Uni is the most outspoken in the support group, coming off at times like a well-seasoned doctor. One day he notices a group member’s swollen ankle and tells him to elevate it. Another day, he makes a man lift his arms to determine whether he has a c6 or c7 injury. It’s not unusual for him to use the words “dawg” and “autonomic dysreflexia” in the same breath.
Listening to him, it’s easy to imagine Uni sitting in a college classroom or occupying an office with framed diplomas on the wall. Instead, he spends most of his days in a one-bedroom subsidized apartment in a building where the elevator door takes a few poundings to close and a man was recently shot in the head.
Still, it beats the alternative. After leaving the hospital, Uni spent eight years in a red-brick Hyattsville nursing home, one of 10 young men in wheelchairs sharing a communal bathroom and dining room with residents more than three times their age, some mentally gone and others on their way. There, nurses walked the white-linoleum halls in soft-soled shoes, and signs alerted residents who can’t leave the building that “The month is . . . The year is . . . The weather is . . . .”
In his apartment, Uni has a kitchen where he can make pancakes when he wants and a living room big enough to watch a boxing match with friends. Here, he has his own bathroom where everything sits within arm’s reach and his own bedroom where he can leave the television tuned to ESPN. And he does, except for when he plays video games, which he controls with his mouth, or watches “The Young and the Restless,” which he has followed since he was 8, when he moved in with his grandparents after his mother’s death from a drug overdose.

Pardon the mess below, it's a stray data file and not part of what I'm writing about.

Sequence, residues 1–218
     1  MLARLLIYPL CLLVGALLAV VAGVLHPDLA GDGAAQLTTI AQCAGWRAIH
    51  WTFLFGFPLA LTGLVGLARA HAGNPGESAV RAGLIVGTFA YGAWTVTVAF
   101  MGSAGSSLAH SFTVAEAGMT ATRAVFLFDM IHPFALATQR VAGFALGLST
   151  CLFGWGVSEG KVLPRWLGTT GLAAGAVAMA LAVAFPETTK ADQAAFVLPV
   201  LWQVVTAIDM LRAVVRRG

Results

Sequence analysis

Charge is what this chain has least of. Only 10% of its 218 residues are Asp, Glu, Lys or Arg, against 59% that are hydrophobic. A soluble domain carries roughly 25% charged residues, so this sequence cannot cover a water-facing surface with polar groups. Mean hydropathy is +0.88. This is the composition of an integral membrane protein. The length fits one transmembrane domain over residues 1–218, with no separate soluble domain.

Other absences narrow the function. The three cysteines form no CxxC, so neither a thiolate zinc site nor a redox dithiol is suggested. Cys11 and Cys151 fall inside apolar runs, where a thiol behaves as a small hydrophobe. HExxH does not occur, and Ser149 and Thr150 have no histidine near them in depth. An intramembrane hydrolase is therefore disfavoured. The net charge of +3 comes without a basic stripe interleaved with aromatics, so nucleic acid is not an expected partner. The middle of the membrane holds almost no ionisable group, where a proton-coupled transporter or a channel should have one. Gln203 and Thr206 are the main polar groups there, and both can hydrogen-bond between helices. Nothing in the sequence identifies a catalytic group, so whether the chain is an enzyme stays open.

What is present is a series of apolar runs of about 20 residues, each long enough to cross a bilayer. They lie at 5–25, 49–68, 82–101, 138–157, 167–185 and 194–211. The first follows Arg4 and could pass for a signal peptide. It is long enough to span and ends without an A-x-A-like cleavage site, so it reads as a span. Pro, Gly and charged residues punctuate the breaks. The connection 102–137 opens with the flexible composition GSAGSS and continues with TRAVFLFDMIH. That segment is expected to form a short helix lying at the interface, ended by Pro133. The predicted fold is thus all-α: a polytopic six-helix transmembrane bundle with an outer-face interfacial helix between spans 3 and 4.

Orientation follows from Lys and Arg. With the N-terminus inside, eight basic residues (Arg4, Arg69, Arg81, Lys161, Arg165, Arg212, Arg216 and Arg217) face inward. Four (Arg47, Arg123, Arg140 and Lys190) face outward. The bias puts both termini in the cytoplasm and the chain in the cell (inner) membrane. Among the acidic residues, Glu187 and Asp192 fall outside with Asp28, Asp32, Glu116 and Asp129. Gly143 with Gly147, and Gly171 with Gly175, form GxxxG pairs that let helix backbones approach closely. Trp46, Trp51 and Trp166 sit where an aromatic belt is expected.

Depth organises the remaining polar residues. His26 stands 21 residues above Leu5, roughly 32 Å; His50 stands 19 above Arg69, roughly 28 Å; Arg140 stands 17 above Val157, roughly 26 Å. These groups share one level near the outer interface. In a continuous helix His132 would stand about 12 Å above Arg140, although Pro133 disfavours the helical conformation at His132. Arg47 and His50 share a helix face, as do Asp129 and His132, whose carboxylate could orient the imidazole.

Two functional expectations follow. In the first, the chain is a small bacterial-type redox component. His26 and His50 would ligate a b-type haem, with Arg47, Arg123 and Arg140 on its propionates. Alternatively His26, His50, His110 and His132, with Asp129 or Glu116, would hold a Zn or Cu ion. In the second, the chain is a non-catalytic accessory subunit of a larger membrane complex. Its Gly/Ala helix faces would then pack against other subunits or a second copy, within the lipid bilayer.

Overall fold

Uni could easily blame where he is on the failings of others — his mother’s addiction, his father’s abandonment — but he doesn’t. When Gordon asks the group where their lives took a turn, Uni says that throughout middle school he was in classrooms designated for the smartest students. He even played the flute in the marching band.
“And what happened?” Gordon asks.
“I went to Cardozo, that’s what happened,” Uni says. “Once you get to high school, it’s totally different because you gotta deal with older students, you gotta deal with other crews.”
He was charged as a teenager with driving a stolen vehicle, which he admits he did, and armed robbery, a charge he says was wrongly pinned on him and friends who were sitting on the steps of a recreation center more than half a mile away when the crime was committed. The latter juvenile charge was dismissed, he says, and his adult record shows he was found not guilty of a charge of marijuana possession.
But then there was the fighting. It got him suspended on the second day of his junior year. It’s also how he later met Ish, now 32, whose real name is Ismail Watkins and who was a student at the school. As both men tell it, one of Uni’s friends stole a truck belonging to one of Ish’s friend’s, sparking animosity that led to blows between the two groups in the hallway.